Are We On the Path of Knowledge?

by Gary on September 16, 2016 in


Path of Knowledge

Only as a warrior can one withstand the path of knowledge. A warrior cannot complain or regret anything. His life is an endless challenge, and challenges cannot  possibly be good or bad.  Challenges are simply challenges. Tales of Power, Carlos Castaneda

Recent polls indicate that we Americans may not be learning much.  Maybe we’re regressing, at least temporarily, on the path of knowledge.  On September 13 in The New York Times, David Brooks reviews some polling data that shows an increasing and self-destructive lack of trust of others and an increasing loneliness in the United States:

  • Only about 19 percent of millennials believe other people can be trusted.
  • “Over the past few decades, the decline in social trust has correlated to an epidemic of loneliness. In 1985, 10 percent of  Americans said they had no close friend with whom they could discuss important matters. By 2004, 25 percent had no such friend.”
  • “An AARP study of Americans aged 45 and up found that 35 percent suffer from chronic loneliness, compared with 20  percent in a similar survey a decade ago.”
  • “Suicide rates, which closely correlate with loneliness, have been spiking since 1999.”

These are indicators of decline in people’s quality of life.

We don’t seem to be learning much about how to be intimate, how to connect with other people.  We don’t seem to be learning much about how to enjoy this life of ours.

I have said here recently that our top purpose in life is to learn.  But many people don’t seem to be learning much.  I think it  was Karl Popper who said that all evil is due to the lack of knowledge.  The American malaise highlighted in Brooks’ essay is due to lack of knowledge.
Many people don’t seem to be learning much of significance and maybe that’s because they don’t know how to learn.  Thus, they suffer, and their great potential remains permanently dormant.

When we learn the secrets to learning, our lives open to deep levels of potential, and we are able to live lives of vibrant joy and practical advantage.

How do we know if we are learning anything significant?
Much that we call learning may add to our lives in some way, but doesn’t go very far to assure a vibrant life of joy and practical advantage.

The key criterion for deep learning is the change that gaining new knowledge produces in the form of better explanations about reality and positive new behaviors.

As a beginner, grasping the fundamentals of music and practicing the piano will usually help you become a better piano player.  You have learned something new.  Have you changed?  Maybe—a little bit: you can now actually play a composition on this musical instrument. You may have gained some confidence about your ability to play.  You may have discovered that playing the piano is a source of enjoyment.  You are also more capable of moving to the next level of piano playing, more ready now to tackling more difficult compositions or even creating your own.  Having learned something about piano playing, you probably can better appreciate what the masters of piano have achieved, and perhaps you listen to them more often with appreciation.  Your perceptual world has expanded.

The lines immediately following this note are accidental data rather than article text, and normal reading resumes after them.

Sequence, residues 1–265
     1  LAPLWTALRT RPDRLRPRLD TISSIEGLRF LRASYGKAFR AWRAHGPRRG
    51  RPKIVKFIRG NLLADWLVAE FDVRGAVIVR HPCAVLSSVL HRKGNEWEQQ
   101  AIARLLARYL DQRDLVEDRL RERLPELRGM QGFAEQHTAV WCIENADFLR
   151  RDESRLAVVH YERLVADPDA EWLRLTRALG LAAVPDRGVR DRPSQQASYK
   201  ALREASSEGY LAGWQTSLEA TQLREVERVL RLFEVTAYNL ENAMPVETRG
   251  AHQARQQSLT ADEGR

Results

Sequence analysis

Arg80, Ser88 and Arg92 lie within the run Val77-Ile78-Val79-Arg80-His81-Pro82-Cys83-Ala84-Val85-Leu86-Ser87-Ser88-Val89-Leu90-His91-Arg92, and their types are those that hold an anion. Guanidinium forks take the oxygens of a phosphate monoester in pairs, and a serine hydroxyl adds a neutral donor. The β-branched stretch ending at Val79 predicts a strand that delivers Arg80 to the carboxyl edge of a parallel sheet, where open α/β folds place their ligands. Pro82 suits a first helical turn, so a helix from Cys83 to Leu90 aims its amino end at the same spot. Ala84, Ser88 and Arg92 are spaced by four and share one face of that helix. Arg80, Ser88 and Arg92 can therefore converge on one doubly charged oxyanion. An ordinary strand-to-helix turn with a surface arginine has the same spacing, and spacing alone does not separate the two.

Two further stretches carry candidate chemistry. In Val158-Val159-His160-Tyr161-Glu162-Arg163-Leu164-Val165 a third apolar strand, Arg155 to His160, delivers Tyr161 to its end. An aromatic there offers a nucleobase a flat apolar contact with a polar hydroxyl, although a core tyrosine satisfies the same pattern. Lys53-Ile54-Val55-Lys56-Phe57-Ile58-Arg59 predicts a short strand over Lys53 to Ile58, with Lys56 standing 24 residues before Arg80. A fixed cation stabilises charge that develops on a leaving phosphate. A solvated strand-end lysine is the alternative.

Does learning to play the piano meet the criteria for deep learning?  Well, the budding piano player has changed.  Has she developed a better explanation for reality and has her behavior changed away from the piano?  

Not likely.  She is learning, but the learning is not at the deepest level.

Here are a few questions to assess how much deep learning you’re pursuing right now.  Answer yes if you have evidence that the statement is true.  If you don’t have evidence, answer no.

  1. I know the most important issue in my life that is demanding that I change my thinking and behavior.
  2. Every day I am examining a deep learning issue in my life, identifying the negative personal patterns and outcomes I want to transform.
  3. I have discovered that the deep learning I am pursuing is very rigorous, demanding my full attention.
  4.    As I learn, I am becoming less defensive, self-important, and pessimistic and more open, humble, and optimistic.
  5. I have a friend, author, therapist, personal coach, or teacher with whom I get knowledge, support, and inspiration for my learning.